And Why Actions Speak Louder Than Dashboards
People have a love/hate relationship with dashboards. Some say they’re dead (not the case), others can’t live without them. Done right, they can be invaluable, done wrong they can be too time-consuming. One thing is for sure, there are too many dashboards with too much information, and it can be tiring keeping up with all the data.
In this article, the second part of our Action Gap series, we will take a look at several causes of dashboard fatigue, why it’s a major part of the Action Gap problem, and ways to change your relationships with dashboards, so they are healthier and more productive.
In a recent survey zenloop conducted with customer experience professionals about their biggest pain points, 35% complained about spending too much time looking at too many dashboards containing too much information.
This is a primary cause of dashboard fatigue.
Why is Dashboard Fatigue a Problem?
With so much reliance on dashboards, by so many people, with so many different needs – often poorly curated dashboards cause more problems than they solve – all contributing to dashboard fatigue.
Time and Effort
The time we spend looking at dashboards and analyzing data is rising – stealing a sizable chunk of the working week. McKinsey says that employees spend almost 8 hours a week on average searching and gathering information. An IDC study reveals that: “data professionals are losing 50% of their time searching, preparing, and governing data, including duplicate work.”
It takes time to build and maintain dashboards, with owners handling multiple requests for multiple dashboards from multiple directions. Not to mention the constant adjustments, bridging of knowledge gaps, and trying to assimilate the right data for the right stakeholders while endeavoring to appease everyone simultaneously.
Passive and Poor Usage
It’s happened to us all. You’re sitting staring at your screen, and you have no idea what you’re looking at and what you should do with the information presented.
Dashboards are valuable if you speak the language, but not everyone does. For all the data analysts and power users who fully or somewhat understand the story a dashboard is trying to tell, there other user groups who derive little-to-no value. Either because of a lack of understanding or the data has no relevance to them.
There can be numerous layers of frustration with dashboards. Firstly, they can be expensive to build or purchase, and laborious to maintain – which can cause resentment or buyer’s remorse if the utility is low.
Then there are the business leaders and stakeholders, who are frustrated that they are not getting what they want from dashboards. In turn, they amplify their frustrations to the data teams or software providers, who may not be able to support their needs or accommodate endless customizability.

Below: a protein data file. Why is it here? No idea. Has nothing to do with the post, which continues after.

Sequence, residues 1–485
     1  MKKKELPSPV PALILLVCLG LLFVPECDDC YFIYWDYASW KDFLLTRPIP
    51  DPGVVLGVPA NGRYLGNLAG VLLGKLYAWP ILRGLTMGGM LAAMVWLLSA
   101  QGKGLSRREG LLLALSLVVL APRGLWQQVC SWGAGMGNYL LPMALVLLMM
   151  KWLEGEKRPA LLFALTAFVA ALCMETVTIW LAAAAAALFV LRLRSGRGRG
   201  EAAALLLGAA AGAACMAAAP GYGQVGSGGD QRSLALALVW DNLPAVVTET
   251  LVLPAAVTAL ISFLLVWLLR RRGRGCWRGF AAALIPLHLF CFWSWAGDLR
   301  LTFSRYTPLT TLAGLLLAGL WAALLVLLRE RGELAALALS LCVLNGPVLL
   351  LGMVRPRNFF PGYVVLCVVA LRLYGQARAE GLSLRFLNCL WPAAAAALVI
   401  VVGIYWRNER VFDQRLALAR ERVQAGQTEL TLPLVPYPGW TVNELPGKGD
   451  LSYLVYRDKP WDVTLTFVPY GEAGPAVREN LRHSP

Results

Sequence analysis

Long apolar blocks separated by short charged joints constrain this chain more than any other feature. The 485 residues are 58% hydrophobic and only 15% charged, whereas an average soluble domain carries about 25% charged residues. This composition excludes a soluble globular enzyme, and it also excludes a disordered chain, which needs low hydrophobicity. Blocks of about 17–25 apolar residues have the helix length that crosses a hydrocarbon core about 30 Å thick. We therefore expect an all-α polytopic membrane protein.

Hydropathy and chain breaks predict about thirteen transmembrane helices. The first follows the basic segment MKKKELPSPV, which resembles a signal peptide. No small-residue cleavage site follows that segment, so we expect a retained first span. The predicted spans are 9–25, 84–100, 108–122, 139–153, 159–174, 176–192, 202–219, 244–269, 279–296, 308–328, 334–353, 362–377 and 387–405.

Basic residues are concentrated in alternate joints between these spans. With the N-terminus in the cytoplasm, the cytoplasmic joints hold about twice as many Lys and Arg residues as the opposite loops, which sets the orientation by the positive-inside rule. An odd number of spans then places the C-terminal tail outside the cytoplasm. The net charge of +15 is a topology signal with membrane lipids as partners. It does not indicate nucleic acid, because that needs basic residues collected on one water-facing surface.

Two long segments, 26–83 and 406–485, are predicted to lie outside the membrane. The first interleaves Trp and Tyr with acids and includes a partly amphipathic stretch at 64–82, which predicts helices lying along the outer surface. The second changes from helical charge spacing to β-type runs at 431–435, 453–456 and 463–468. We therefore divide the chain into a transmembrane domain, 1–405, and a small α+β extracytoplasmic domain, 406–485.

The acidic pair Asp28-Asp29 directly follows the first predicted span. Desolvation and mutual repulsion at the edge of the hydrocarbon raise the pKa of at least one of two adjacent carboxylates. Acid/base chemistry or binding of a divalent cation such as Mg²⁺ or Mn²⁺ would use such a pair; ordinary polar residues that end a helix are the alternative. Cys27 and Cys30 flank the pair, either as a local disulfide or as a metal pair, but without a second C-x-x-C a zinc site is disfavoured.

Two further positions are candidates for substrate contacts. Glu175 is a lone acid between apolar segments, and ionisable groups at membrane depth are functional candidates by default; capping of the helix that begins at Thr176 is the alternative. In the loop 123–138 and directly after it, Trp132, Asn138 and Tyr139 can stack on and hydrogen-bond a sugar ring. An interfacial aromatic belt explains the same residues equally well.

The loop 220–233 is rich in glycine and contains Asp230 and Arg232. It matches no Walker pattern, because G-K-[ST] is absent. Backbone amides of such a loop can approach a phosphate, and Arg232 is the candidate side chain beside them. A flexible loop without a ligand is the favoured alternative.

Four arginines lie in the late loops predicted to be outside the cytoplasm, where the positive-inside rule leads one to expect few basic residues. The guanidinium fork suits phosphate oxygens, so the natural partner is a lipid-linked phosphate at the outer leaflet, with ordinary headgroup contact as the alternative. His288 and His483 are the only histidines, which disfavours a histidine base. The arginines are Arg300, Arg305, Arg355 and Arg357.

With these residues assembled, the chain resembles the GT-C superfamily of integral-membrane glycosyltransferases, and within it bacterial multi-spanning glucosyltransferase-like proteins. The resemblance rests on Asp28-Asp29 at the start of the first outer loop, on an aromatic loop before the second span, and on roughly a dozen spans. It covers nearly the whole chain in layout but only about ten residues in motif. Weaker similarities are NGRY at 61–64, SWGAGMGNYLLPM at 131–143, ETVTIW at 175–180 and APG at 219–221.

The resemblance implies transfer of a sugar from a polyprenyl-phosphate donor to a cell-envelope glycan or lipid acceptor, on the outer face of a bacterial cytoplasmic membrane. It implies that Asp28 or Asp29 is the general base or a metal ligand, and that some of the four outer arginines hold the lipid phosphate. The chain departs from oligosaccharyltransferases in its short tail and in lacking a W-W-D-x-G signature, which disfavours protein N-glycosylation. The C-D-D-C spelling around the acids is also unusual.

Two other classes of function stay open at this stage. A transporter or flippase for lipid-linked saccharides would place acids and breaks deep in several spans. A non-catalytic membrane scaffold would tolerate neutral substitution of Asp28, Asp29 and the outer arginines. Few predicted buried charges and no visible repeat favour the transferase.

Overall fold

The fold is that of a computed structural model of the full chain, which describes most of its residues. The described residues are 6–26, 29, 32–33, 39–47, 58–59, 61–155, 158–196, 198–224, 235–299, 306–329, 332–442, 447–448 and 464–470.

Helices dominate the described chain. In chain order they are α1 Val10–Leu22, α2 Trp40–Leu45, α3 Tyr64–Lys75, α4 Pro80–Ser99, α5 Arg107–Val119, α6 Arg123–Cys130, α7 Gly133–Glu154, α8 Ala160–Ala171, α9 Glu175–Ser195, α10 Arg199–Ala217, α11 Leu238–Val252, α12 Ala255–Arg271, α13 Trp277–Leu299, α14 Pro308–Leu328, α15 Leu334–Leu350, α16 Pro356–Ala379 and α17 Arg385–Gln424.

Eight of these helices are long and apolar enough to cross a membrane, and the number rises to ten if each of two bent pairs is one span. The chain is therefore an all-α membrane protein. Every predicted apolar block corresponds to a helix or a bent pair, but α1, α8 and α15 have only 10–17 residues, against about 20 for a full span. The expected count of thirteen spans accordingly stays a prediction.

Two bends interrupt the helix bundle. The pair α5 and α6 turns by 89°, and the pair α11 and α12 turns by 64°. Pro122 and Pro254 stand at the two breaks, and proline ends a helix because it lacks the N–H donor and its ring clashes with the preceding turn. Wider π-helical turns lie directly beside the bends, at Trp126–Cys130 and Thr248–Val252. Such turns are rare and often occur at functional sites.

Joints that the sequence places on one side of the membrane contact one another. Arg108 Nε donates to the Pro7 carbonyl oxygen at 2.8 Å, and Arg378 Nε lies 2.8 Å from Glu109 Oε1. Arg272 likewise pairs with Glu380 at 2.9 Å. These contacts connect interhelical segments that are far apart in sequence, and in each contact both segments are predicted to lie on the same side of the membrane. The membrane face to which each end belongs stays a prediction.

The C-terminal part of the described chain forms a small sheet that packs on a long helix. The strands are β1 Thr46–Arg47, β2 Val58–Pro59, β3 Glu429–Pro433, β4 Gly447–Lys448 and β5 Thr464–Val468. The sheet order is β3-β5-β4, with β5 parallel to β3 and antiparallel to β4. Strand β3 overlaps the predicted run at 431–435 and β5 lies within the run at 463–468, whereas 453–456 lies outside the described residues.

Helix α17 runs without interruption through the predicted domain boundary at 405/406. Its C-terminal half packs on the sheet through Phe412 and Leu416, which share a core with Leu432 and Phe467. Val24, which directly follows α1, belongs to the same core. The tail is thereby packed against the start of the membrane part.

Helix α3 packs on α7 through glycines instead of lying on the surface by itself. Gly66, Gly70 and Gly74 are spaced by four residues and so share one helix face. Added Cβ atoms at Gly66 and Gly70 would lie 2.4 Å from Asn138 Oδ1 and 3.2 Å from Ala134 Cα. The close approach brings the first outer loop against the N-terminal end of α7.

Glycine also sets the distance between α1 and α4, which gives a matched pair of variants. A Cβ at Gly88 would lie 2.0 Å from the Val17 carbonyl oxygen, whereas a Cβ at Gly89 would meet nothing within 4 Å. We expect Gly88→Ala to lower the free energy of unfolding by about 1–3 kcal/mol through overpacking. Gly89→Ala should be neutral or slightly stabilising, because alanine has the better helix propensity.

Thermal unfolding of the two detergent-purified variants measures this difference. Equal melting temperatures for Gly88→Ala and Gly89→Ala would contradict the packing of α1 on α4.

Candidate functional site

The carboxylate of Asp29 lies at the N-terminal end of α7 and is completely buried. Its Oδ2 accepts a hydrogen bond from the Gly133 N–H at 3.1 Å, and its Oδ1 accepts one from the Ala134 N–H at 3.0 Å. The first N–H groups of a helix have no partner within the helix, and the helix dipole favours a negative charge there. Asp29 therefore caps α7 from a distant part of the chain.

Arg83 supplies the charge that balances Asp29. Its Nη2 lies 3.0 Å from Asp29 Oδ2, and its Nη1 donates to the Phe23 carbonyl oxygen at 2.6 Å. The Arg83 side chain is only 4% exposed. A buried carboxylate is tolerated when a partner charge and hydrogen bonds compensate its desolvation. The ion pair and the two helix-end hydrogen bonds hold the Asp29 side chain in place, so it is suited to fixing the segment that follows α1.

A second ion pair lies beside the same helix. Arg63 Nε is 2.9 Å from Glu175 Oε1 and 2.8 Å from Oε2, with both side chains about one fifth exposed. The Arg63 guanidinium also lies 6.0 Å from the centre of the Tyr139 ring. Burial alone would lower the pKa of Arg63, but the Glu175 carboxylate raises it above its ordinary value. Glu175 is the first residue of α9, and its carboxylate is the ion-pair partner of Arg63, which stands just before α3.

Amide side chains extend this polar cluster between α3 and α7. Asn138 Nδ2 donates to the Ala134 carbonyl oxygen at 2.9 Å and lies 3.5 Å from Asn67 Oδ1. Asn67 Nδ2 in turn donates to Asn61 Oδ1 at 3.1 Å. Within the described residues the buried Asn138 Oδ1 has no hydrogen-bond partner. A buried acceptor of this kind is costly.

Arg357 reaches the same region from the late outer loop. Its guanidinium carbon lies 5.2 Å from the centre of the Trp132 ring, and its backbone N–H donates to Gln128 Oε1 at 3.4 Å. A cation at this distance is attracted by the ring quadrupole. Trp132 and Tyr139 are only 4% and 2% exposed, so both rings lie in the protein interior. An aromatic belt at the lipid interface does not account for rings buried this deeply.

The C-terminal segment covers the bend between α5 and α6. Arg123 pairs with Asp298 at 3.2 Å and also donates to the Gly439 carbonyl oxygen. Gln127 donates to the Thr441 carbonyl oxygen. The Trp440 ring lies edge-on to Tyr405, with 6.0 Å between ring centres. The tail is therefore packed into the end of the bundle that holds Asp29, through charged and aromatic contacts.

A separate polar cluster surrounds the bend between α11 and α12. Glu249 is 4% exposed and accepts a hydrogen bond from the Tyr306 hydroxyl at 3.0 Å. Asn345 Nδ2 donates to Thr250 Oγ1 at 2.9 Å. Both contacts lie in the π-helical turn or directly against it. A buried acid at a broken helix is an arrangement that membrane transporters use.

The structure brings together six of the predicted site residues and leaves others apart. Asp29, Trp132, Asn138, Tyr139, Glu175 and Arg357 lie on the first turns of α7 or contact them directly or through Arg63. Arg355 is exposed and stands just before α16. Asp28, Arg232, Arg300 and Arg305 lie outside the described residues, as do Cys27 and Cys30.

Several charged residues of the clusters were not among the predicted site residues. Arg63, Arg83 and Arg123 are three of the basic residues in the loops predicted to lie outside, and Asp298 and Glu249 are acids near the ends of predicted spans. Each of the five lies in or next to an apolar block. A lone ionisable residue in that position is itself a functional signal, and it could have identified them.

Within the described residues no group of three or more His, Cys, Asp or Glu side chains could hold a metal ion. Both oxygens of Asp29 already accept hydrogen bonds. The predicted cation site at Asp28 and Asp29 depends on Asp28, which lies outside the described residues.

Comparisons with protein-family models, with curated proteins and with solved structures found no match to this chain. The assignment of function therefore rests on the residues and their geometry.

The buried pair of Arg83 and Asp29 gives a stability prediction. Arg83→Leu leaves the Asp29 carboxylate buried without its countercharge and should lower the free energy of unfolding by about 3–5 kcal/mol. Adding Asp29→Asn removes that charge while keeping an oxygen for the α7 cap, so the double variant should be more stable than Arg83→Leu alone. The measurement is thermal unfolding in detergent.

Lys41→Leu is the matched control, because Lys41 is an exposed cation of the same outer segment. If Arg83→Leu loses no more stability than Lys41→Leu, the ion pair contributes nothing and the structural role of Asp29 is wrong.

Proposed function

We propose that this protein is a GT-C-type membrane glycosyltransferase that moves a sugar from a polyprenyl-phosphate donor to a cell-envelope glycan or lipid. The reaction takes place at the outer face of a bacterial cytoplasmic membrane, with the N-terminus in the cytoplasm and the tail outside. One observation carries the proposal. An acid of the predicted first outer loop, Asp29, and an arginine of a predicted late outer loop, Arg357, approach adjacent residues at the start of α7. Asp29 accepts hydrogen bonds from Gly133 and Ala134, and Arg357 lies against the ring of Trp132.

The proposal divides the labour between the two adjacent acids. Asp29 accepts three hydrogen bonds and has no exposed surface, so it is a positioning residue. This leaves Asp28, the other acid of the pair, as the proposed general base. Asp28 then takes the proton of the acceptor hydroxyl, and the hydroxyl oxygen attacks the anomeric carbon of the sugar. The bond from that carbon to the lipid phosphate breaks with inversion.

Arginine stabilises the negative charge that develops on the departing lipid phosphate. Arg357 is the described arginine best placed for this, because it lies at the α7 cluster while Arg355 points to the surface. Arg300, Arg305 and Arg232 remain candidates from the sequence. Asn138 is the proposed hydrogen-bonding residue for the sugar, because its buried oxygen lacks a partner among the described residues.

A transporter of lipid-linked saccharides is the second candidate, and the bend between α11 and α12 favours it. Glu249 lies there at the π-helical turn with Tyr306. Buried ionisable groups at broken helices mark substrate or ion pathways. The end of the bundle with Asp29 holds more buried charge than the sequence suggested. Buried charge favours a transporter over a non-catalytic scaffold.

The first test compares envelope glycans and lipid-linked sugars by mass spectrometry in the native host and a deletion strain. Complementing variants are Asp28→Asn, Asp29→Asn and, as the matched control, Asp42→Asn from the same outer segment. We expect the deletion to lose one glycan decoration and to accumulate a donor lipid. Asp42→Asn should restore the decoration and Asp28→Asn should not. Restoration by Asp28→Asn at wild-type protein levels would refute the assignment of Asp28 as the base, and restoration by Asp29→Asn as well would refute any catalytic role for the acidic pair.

This can lead to a please-all mentality for dashboard creators, not fully understanding what different stakeholders want – thus adding extra layers of complexity.
Overcomplicated and Irrelevant Dashboards
Dashboards are built by technical minds, incorporating what they think is valuable to the end-user. Even if there’s a beautiful coat of paint over a simple UI, there can be a zillion filters waiting to derail your user experience, leaving you cross-eyed and unsatisfied.
With these so-called self-service solutions comes another pain point that repeatedly occurs – creating end-user products that are not actionable and displaying information that doesn’t lead to action.
Users simply stop using dashboards when they realize no action can be determined from the displayed data. Those skilled enough to extract some value – but not the insights they need – generally export the information anyway and turn to excel and multiple reports to make conclusions. Replacing one fatigue with another.
Employees also turn to spreadsheets when they don’t trust the quality of data presented to them, with 62% of organizations not confident with their own customer insights data.
Why Dashboards Don’t Tell the Whole Story
Dashboards are great for informing you what you already know and how you got here – but they are not designed for data discovery and to help you make sense of where you want to go next.
A major problem is the inability to make conclusions:
- Why can’t I find what I’m looking for?
- Is the information relevant to me?
- Have I misinterpreted the data?
- Why are the numbers what they are?
- How can I use this data to take action?
Standard dashboards don’t link to actions, So if action steps are not built into the way data is delivered, how can dashboards tell the whole story? This is why users take data from non-narrative dashboards, play with it, and present their own story in a presentation.
Think how better it would be if dashboards went beyond reporting information and told actionable stories instead.
Dashboards Without Action Can’t Solve Customer Needs Alone
We recently surveyed 350 CX professionals across multiple industries and business sizes about the biggest challenges they face when trying to turn customer data into insights.
55% of respondents ranked the following statement as one of their top 3 major challenges:
“Our data is simply archived in dashboards and presentations but we don’t have a way to turn such data into action plans.”
- Ranked #2 by businesses with less than 150 people
- Ranked #1 by corporations with over 10,000 employees
- Ranked #3 by companies with 150 – 1000, and 1000 – 5000 employers respectively
In CX, this problem contributes significantly to the Action Gap, the disconnect between customer thoughts, insights, and actions.